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In this monthly roundup video, we’ll review the most impactful safety and transportation news.

Hello, The monthly roundup video series will review the month’s most impactful regulatory proposals and changes, and we will also discuss what we are working on to help you stay compliant. Please view the content links in the transcript to take a deeper dive into the topics I’ll be covering today. With that said, let’s get started!

Roadside inspection violations for 395.24(d), not being able to transfer ELD records to an officer, will now be scored in CSA. The violation will be assigned a severity of 3 in the Hours-of-Service Compliance BASIC. Previously, this was an unscored violation. It is a common violation written during roadside inspections, coming in at number 14 in the list of the top 20 driver violations for 2022, being written almost 23,000 times.

The Federal Motor Carrier Safety Administration (FMCSA) has added a new section to its Training Provider Registry (TPR) website for drivers who need to complete entry-level driver training (ELDT). The new section includes:

  • Recommended steps drivers can take when selecting a training provider from those listed on the TPR,
  • Information on the training topics required for each class of commercial driver's license (CDL) and endorsement, and
  • Tips and updates on the ELDT process.

FMCSA strongly urges entry-level drivers to use care when selecting a training provider to help meet their specific training requirements.

Here’s a timely reminder for anyone traveling into Connecticut:

As of New Year’s day, any carrier operating an eligible motor vehicle in Connecticut is subject to the new highway use fee. Affected carriers must:

  • Register with Department of Revenue Services (DRS) and obtain a permit,
  • Place a copy of the permit in each eligible vehicle operated in Connecticut,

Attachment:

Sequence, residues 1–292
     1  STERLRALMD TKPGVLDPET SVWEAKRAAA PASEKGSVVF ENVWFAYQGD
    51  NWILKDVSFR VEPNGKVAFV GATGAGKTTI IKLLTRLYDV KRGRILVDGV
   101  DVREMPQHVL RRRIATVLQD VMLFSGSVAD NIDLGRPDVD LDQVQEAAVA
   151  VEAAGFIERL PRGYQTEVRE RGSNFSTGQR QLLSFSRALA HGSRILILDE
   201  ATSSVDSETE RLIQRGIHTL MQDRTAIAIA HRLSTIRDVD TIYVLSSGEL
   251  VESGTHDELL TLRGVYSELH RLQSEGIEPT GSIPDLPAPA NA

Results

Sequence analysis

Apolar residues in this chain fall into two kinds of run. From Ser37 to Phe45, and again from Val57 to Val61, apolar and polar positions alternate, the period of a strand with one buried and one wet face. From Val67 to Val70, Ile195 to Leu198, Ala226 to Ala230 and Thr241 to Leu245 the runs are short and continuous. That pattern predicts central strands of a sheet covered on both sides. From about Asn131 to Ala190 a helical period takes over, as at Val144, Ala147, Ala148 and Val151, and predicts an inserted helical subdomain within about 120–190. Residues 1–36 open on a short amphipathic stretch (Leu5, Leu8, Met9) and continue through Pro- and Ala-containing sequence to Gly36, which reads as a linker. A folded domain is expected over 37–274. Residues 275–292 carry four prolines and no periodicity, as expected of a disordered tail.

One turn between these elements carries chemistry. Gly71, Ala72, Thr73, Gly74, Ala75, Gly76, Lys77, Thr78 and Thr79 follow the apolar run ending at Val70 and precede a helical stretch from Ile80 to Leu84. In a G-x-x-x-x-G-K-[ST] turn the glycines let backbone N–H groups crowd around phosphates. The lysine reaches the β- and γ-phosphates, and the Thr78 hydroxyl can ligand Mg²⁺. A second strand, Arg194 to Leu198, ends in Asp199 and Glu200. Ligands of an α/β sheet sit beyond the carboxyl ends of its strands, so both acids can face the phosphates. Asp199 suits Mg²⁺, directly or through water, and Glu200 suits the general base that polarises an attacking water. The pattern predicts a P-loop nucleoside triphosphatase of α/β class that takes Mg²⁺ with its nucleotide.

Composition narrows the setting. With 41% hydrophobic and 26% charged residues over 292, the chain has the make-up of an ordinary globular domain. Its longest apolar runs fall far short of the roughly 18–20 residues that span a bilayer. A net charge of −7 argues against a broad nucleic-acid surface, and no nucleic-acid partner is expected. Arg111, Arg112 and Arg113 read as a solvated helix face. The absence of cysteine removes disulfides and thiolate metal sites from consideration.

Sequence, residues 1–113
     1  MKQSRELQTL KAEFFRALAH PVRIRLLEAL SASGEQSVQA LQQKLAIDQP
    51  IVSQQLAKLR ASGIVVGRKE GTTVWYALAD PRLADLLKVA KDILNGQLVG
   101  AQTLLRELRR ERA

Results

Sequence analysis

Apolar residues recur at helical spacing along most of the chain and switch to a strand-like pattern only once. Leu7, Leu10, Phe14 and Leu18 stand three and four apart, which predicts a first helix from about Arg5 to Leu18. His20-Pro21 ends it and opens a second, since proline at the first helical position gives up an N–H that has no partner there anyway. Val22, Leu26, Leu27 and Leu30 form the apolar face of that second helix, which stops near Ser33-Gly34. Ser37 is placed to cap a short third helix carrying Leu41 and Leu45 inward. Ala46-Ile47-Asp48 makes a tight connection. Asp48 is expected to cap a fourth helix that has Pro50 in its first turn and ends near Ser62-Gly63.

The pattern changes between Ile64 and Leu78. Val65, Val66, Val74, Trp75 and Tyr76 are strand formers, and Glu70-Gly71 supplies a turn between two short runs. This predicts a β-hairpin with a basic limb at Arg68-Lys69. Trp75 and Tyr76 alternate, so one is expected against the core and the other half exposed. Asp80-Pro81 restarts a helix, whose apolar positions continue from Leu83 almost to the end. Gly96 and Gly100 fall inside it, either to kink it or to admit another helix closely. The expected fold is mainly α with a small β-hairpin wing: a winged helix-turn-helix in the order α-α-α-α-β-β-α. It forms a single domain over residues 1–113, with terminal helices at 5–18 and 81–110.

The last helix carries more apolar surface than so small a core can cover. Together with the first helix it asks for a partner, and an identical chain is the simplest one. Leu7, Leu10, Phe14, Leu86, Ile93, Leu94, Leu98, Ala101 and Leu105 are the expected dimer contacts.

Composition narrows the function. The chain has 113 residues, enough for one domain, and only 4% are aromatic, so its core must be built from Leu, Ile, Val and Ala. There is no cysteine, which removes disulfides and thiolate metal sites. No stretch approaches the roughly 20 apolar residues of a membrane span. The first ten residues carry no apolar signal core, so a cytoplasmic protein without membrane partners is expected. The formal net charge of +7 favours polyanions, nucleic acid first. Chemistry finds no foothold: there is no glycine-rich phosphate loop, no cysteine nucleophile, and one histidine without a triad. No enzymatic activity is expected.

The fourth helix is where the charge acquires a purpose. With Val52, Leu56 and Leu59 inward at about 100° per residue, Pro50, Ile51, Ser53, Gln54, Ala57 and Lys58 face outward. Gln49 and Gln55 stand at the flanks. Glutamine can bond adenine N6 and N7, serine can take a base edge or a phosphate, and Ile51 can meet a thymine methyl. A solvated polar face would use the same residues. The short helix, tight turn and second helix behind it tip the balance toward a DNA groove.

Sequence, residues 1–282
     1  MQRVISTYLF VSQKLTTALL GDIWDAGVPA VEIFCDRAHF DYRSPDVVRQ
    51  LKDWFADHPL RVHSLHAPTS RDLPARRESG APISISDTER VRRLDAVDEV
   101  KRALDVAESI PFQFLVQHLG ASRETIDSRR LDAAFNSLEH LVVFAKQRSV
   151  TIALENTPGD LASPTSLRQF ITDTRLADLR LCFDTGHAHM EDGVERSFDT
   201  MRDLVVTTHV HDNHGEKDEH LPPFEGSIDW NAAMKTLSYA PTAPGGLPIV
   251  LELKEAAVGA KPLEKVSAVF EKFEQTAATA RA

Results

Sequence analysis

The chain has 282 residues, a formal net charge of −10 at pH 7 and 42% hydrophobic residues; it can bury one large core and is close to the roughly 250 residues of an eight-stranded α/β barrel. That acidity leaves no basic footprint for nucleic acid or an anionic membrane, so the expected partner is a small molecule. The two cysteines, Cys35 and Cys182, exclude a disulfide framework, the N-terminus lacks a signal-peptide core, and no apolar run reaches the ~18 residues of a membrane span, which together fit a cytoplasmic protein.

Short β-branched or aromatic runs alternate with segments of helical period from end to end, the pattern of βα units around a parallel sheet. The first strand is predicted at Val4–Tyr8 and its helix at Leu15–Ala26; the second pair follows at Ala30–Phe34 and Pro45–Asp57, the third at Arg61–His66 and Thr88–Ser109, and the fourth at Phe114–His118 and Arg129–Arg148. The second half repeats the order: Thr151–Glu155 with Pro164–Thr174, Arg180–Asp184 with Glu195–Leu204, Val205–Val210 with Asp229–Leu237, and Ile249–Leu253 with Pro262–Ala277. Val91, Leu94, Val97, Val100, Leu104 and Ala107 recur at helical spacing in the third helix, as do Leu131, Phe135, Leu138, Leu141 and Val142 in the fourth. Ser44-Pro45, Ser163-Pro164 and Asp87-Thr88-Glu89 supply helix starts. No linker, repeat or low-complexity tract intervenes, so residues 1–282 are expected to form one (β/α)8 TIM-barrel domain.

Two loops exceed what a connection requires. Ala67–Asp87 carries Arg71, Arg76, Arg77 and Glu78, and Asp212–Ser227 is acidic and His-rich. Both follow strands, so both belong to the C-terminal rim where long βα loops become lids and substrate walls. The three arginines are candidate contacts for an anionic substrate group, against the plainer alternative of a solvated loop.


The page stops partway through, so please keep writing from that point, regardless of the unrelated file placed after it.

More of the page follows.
• File returns and remit the tax to the DRS on a monthly basis, and
  • Keep records to support the information reported on each monthly return.
The first highway use fee return is due on or before February 28, 2023, for miles driven in January. Interest and penalties apply to any tax not paid on or before the due date of the return. The stakes are high, since any person who knowingly violates the new rules will be subject to a fine of $1,000.

On January 6, 2023, several administrations within the Department of Transportation (DOT), including the Pipeline and Hazardous Materials Safety Administration (PHMSA), Increased civil penalty amounts that are imposed for violations of DOT regulations. PHMSA’s 2023 civil penalty adjustments for noncompliance with the Hazardous Materials Regulations (HMR) are summarized below:

  • Max penalty for hazmat violation: Increased from $89,678 to $96,624
  • Max penalty for hazmat violation resulting in death: Increased from $209,249 to $225,455
  • Minimum penalty for hazmat training violation: Increased from $540 to $582
Effective January 6, 2023, and after, employers must not use the Safety Performance History (SPH) to request drug and alcohol testing violations from FMCSA-regulated employers, but must send the SPH form to verify DOT crashes, employment dates, and vehicles operated.

Prior employers must be contacted for DOT drug and alcohol information when:

  • The driver used to work for an employer regulated by an agency other than FMCSA such as air (FAA), Pipeline & Hazardous Materials (PHMSA), or railroad (FRA); or
  • The driver has not completed the return to duty or follow-up testing process with an employer under any DOT agency, including FMCSA. The carrier must determine where the process left off.
DOT fines have increased by nearly 8 percent for 2023, one of the largest annual increases ever. The increase provides additional incentives for motor carriers and drivers to avoid violations. An FMCSA safety violation that might have cost $16,800 last year may now result in a fine of over $18,000. The increase is tied to inflation, which has been high.  

The FMCSA announced on January 11, 2023, the requirement for certified medical examiner (CME) five-year refresher and ten-year recertification training and timelines.  CMEs due (or overdue) for the five-year refresher in 2022 were supposed to complete the training by December 31, 2022. This year and beyond, CMEs should complete the refresher training between years four and five before the five-year deadline. CMEs due for the ten-year recertification in 2023 must successfully complete the course by December 31, 2023.

The FMCSA and DOT will be issuing a variety of new rules and proposals in 2023 and beyond, according to the latest rulemaking agenda. This includes new rules for the use of saliva for drug testing; changes to the “tank vehicle” definition, affecting drivers who need a tank endorsement; changes to the cargo securement rules; revisions to the Drug & Alcohol Clearinghouse and Electronic Logging Device (ELD) rules; and a rule on the use of speed limiters.

That’s it for this month’s roundup. Stay safe, and thanks for watching.